HEARNE, HERNE: This is the name of a family which bears the heron for its crest, the name being either derived from the crest, or the crest from the name. There are two Gypsy renderings of the word--Rossar-mescro or Ratzie-mescro, and Balorengre. Rossar-mescro signifies duck-fellow, the duck being substituted for the heron, for which there is no word in Romany. The meaning of Balor-engre is hairy people; the translator or translators seeming to have confounded Hearne with 'haaren,' old English for hairs. The latter rendering has never been much in use.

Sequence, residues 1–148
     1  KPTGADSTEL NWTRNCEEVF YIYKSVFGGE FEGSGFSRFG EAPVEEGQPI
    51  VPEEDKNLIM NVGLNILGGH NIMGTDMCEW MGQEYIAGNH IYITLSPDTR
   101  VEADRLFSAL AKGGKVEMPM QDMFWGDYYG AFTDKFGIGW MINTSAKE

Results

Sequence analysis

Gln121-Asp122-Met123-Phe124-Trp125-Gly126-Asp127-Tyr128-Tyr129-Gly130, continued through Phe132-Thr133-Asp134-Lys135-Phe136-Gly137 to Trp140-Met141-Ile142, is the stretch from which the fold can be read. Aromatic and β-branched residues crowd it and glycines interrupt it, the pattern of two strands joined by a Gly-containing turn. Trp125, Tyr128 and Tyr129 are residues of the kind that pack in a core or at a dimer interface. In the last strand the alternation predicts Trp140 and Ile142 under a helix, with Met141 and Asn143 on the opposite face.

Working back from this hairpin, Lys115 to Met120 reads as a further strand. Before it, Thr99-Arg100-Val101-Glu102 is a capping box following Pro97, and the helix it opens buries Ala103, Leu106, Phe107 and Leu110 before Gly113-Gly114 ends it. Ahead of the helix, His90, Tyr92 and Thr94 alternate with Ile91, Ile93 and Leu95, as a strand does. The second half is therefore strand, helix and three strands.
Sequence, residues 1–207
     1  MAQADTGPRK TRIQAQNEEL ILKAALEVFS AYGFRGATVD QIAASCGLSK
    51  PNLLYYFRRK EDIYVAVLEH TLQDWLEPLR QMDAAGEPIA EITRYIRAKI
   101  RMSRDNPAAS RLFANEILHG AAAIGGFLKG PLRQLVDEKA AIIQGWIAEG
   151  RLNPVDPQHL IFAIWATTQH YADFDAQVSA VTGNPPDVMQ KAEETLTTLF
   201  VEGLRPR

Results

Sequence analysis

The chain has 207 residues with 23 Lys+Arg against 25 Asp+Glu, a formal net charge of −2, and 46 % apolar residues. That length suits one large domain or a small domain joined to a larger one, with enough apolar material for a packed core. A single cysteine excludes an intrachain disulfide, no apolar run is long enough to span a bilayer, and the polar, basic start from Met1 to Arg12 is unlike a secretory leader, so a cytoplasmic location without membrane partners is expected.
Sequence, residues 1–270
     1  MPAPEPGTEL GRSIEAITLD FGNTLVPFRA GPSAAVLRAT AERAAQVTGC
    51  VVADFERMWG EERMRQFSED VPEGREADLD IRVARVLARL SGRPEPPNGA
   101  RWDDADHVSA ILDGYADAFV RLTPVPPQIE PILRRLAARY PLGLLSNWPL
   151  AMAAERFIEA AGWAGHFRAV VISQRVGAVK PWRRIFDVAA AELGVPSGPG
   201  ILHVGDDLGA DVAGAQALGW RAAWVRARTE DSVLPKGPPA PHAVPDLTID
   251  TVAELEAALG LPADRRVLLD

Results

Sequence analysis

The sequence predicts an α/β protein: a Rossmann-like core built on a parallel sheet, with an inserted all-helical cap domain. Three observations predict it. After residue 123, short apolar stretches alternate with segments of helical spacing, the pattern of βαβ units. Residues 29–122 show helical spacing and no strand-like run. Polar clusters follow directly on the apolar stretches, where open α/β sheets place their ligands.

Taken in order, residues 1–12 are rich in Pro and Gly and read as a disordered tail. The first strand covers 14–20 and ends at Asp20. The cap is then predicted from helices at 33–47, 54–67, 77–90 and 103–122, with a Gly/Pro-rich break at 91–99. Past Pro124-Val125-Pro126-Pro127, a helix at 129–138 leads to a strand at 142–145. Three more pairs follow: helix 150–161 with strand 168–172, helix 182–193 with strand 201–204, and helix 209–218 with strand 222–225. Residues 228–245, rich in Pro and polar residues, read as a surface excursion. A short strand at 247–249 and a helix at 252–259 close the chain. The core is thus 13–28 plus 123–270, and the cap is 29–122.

LEE: The Gypsy name of this tribe is Purrum, sometimes pronounced Purrun. The meaning of Purrurn is an onion, and it may be asked what connection can there be between Lee and onion? None whatever: but there is some resemblance in sound between Lee and leek, and it is probable that the Gypsies thought so, and on that account rendered the name by Purrum, which, if not exactly a leek, at any rate signifies something which is cousin-german to a leek. It must be borne in mind that in some parts of England the name Lee is spelt Legh and Leigh, which would hardly be the case if at one time it had not terminated in something like a guttural, so that when the Gypsies rendered the name, perhaps nearly four hundred years ago, it sounded very much like 'leek,' and perhaps was Leek, a name derived from the family crest. At first the writer was of opinion that the name was Purrun, a modification of pooro, which in the Gypsy language signifies old, but speedily came to the conclusion that it must be Purrum, a leek or onion; for what possible reason could the Gypsies have for rendering Lee by a word which signifies old or ancient? whereas by rendering it by Purrum, they gave themselves a Gypsy name, which, if it did not signify Lee, must to their untutored minds have seemed a very good substitute for Lee. The Gypsy word pooro, old, belongs to Hindostan, and is connected with the Sanscrit pura, which signifies the same. Purrum is a modification of the Wallachian pur, a word derived from the Latin porrum, an onion, and picked up by the Gypsies in Roumania or Wallachia, the natives of which region speak a highly curious mixture of Latin and Sclavonian.